After holding a public hearing on the controversial topic of regional tolling, The City of Renton Monday night Sept. 26 approved a resolution opposing Initiative 1125, which would restrict highway tolling. Washington voters will decide it in November. Renton, a growing suburban city at Seattle's southern border, is at the junction of a multi-billion-dollar proposed tolling project that would connect Interstate 405 with State Route 167 and add tolled express lanes to both, as part of a broader toll-centric plan to unsnarl traffic and fund highway fixes in the Seattle region and elsewhere in the state. Initiative sponsor Tim Eyman sharply disagreed with the vote by the Renton council. Meanwhile, a new Survey USA poll reported today by KING5-TV in Seattle showed more than twice as many voters for I-1125 as against, but a crucial margin still undecided. More at Public Data Ferret.
September 27, 2011
On the heels of a mid-July state report that a University of Washington professor took a contract fee from a state agency for work he never delivered, and following another 2011 case which sparked a criminal prosecution against an alleged embezzler in the University's Medical Center, comes an additional indication Sept. 26 of ethical troubles at the state's flagship institution of higher learning. According to a Washington State Auditor's Office whistleblower investigation report just released, a professor in the UW Medical Center's Pediatrics Division of Neo-nataology appears to have violated state ethics law by using her position to get a job for her unqualified daughter as a research scientist and engineer assistant. The professor's name, released by the auditor's office in response to a media inquiry, is Sandra Juul Ledbetter and her daughter's name is Kelly Ledbetter.
September 26, 2011
A public development authority formed by the City of Seattle in 1972 called the Seattle Indian Services Commission, which has been the subject of several critical city and state audits in recent years, now appears unable to continue to service the $6 million bond debt for its two adjacent properties on 12th Ave. S. in the International District, or to repair an estimated $2.5 million in water damages to one of the buildings, built in 1995. The commission’s primary tenant and sole source of debt service revenue is the non-profit Seattle Indian Health Board, and it says it intends to move out unless the Commission conveys title for the properties to the board, which has pledged to assume the debt and fix the water damage. The Commission has refused to approve this offer, so the city council has prepared an ordinance, to be discussed and possibly voted on in committee September 28, authorizing the City Attorney to seek permission in King County Superior Court to impose a trusteeship on the Indian Services Commission which would trigger a title transfer of the properties to the non-profit Indian Health Board. The resolution states this will allow for current services and programs to continue to be provided to Seattle’s Native American community. Sponsor of the resolution is City Council Member Nick Licata. More at Public Data Ferret.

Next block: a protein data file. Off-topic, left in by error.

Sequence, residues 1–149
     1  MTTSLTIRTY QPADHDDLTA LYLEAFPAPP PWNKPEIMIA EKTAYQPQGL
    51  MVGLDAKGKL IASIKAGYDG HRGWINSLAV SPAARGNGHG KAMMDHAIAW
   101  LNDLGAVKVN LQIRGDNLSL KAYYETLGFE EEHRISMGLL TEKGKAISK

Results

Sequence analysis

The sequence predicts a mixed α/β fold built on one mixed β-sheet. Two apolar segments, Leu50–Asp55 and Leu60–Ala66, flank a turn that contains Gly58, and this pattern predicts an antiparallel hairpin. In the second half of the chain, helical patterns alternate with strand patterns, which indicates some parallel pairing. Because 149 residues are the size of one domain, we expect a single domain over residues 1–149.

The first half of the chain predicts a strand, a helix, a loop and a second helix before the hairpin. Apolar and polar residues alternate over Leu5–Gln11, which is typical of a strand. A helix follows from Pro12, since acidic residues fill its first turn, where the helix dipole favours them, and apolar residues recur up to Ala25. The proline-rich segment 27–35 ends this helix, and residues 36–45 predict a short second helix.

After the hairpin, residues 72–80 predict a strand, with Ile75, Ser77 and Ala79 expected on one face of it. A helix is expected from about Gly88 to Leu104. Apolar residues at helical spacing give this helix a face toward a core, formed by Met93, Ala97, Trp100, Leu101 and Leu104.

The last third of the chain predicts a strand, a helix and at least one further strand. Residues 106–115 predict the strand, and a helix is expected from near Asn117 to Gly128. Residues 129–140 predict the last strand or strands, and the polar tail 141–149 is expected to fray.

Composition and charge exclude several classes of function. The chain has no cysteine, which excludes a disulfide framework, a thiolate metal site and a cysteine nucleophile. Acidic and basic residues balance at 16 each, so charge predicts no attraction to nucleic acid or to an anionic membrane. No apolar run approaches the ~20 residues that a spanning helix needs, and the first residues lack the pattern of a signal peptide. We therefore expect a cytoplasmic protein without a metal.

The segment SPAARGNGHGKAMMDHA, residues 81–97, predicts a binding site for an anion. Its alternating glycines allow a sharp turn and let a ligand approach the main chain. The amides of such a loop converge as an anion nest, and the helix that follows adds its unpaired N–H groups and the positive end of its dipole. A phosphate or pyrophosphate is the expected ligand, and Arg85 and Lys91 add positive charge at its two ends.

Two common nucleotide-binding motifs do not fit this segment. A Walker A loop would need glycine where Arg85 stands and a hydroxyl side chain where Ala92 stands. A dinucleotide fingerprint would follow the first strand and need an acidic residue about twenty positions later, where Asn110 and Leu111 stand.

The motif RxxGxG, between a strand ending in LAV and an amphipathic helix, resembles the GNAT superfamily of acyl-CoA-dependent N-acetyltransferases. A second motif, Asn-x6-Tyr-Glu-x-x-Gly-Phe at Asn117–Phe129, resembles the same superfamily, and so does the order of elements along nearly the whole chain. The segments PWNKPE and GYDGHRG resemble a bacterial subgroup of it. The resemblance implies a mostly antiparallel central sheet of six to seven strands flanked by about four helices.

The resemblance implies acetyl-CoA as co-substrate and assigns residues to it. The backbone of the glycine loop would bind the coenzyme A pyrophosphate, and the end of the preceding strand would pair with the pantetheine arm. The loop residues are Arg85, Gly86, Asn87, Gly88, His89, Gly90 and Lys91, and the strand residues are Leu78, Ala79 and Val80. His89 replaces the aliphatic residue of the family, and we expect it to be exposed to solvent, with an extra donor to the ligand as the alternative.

September 21, 2011
Working with U.S. and African colleagues, researchers from the University of Washington’s Institute For Health Metrics and Evaluation, in Seattle, integrated data from several dozen qualifiying health surveys in malaria-prone Sub-Saharan Africa and found that the use of Insecticide-Treated Nets helped actually reduce parasitemia and death in young children to a significantly greater degree than previously estimated in clinical trials. Their research, recently published in a peer-reviewed “open access” (online, free) medical journal and funded by the Bill and Melinda Gates Foundation, concludes that the use of the treated nets should be continued and expanded in Sub-Saharan Africa, where the bulk of the world’s one million annual deaths from the parasitic disease of malaria occur. More at Public Data Ferret.
September 17, 2011